Theresa May can now trigger Article 50, the Tories vote against guaranteeing right to stay for EU citizens and our fight continues argues Shabbir Lakha
The Article 50 bill has now passed into legislation, giving the government the authority to trigger Article 50 and begin Brexit negotiations with the EU. But not before the Tories took a second opportunity to deny the rights of 3 million EU citizens.
Despite a number of polls showing that a clear majority of the British population – regardless of how they voted in the EU referendum – support the rights of EU citizens in the UK; and the Brexit committee and the House of Lords supporting the amendment, Theresa May still insisted on pulling all the stops to vote down the amendment.
Given that the EU referendum, which posed the simple question Leave or Remain, gave the government only the mandate to exit the EU and not to use European citizens as a bargaining chip or end freedom of movement, Theresa May’s position can only be described as utter contempt for the British people and the basic human rights of 3 million people.
In London, several hundred people gathered in Parliament Square during the debate to put pressure on MPs to do the right thing. The demonstration was addressed by John McDonnell and Diane Abbott who criticised the Tory position in the strongest terms and reaffirmed Labour’s commitment to secure the right to stay for 3 million EU citizens. Jeremy Corbyn was planning to attend the demonstration but was held in Parliament because the vote was pushed.
Yannis Gourtsoyannis, a junior doctor who has been at the front of the movement against this government’s attacks on the NHS and who spoke at the demonstration, said after the Tories won the vote:
Let’s be absolutely clear on one thing. By refusing to confirm the rights of EU citizens in this country our government is implicitly threatening that, if need be, it would expel people who have been here for decades. People who may have spent the majority of their lives here. Who may have raised children here, paid their taxes here, who have worked day in and day out, as cleaners, builders, doctors, teachers and bus drivers.
And of course, this government’s specific attack against EU migrants is part of a much wider, and deeper attack against the rights of ALL migrants.
The real fight starts now
Jeremy Corbyn received backlash for saying “the real fight starts now” after the Tories voted down Labour’s amendments the first time the Article 50 bill went through the Commons. The reality is that he is absolutely right. It should be kept in mind that the fact that there was a bill at all and a Parliamentary vote on the final deal has been secured is because of the strong opposition that he has put up.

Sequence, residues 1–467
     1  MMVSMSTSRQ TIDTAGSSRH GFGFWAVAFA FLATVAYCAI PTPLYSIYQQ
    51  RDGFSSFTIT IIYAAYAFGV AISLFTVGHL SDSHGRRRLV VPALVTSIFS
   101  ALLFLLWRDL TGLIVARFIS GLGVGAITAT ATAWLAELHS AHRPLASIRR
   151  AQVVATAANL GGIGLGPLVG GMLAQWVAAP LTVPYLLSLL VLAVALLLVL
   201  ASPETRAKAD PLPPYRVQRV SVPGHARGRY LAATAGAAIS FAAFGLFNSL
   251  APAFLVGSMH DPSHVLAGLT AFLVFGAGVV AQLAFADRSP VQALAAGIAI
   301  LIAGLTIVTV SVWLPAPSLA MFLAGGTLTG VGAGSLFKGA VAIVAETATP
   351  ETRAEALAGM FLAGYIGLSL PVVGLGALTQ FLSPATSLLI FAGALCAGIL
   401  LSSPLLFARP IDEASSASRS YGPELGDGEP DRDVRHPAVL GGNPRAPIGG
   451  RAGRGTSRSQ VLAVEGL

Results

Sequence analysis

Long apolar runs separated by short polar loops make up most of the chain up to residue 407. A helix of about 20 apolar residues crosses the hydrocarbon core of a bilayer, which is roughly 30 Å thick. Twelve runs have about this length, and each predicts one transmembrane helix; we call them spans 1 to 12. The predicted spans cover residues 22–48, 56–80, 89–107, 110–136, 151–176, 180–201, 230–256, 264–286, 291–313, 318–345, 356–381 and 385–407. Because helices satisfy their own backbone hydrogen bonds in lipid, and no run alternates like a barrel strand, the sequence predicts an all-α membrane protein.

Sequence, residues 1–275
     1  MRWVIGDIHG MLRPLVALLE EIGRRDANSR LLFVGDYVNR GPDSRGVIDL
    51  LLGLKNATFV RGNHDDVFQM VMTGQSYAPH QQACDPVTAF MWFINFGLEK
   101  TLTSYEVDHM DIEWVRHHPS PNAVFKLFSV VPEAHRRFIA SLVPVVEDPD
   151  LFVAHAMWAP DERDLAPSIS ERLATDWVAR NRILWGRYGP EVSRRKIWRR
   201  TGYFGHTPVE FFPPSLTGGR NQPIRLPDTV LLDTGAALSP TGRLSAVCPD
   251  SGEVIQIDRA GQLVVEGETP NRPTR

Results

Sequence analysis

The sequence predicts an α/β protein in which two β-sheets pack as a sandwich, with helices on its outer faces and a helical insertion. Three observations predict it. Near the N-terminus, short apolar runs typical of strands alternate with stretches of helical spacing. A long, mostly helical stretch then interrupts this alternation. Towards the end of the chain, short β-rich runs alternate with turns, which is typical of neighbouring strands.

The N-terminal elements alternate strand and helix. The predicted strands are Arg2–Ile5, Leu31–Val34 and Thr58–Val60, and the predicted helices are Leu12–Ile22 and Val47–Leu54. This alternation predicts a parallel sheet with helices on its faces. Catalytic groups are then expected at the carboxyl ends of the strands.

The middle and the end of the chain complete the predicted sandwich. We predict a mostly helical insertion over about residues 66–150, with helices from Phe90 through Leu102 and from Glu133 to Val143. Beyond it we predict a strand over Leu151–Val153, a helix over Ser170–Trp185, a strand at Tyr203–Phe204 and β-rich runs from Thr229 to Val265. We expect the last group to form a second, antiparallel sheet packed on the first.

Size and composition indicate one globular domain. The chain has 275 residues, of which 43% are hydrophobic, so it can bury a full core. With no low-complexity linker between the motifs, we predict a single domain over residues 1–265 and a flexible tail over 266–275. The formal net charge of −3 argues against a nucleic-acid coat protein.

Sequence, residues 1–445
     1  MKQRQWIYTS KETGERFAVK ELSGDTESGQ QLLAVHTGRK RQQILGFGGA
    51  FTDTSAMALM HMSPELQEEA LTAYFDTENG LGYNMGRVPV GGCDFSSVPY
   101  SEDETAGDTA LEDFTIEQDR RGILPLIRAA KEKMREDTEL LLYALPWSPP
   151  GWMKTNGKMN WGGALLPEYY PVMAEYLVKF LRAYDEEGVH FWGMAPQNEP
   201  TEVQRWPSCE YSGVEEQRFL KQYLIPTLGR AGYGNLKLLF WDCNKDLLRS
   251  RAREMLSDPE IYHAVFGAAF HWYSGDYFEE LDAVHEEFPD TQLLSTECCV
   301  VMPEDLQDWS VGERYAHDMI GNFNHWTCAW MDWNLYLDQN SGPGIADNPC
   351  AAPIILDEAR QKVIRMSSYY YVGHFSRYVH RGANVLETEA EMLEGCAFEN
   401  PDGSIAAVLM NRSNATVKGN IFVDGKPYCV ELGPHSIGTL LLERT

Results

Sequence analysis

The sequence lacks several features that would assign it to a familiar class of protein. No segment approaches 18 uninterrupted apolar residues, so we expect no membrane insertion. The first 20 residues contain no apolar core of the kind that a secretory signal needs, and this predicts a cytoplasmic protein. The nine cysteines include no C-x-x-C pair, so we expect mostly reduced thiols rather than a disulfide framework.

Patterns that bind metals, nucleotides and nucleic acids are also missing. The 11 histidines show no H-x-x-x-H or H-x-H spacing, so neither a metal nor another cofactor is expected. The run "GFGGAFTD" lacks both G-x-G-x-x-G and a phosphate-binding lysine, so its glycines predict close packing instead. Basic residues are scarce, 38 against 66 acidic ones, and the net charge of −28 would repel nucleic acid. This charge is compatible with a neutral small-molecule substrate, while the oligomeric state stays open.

Winning the amendments and putting them into law from now would have been a bonus. Jeremy has simultaneously respected the result of the referendum, put up a clear opposition on key issues of Parliamentary scrutiny of the Brexit negotiations and on the rights of EU citizens, and eliminated any remaining misconceptions that Theresa May has any intention of negotiating a Brexit deal that will work for people.
The Lords defeating the government on the amendment the first time was completely down to the cross party support Jeremy managed to gather for his amendment. Similarly he has already begun serious diplomatic efforts with European politicians from all 27 EU member states to ensure that pressure is applied across the board to ensure the rights of EU citizens in the UK and British citizens in the EU are non-negotiable.
The fact that many Tories who supported Remain in last year’s referendum and defended freedom of movement in their campaigns – including May herself – have now stepped in line with plans for a hard Brexit and voted down the amendment, will go a long way in damaging the credibility of the Conservatives as a party and individual MPs in their constituencies.
We all have a real fight on our hands. Not only in supporting Jeremy Corbyn’s efforts for a People’s Brexit, but in winning the arguments on the key issues on the economy and austerity, on immigration and racism at their roots. That way we can ensure that whatever happens during the negotiations over the next two years and however successful we are at every hurdle along the way, at the end of it we will come out on top.
More articles from this author
- Uniting the fight-back against Trump
- The EU: is this really what anti-racism looks like?
- The Trump factor: Israel, settlements and antisemitism
- Article 50, democracy and the People’s Brexit
- Women's March: this is what democracy looks like - photos
- No to Trump: standing up against hate
- The Chagos Archipelago: empire’s last gleaming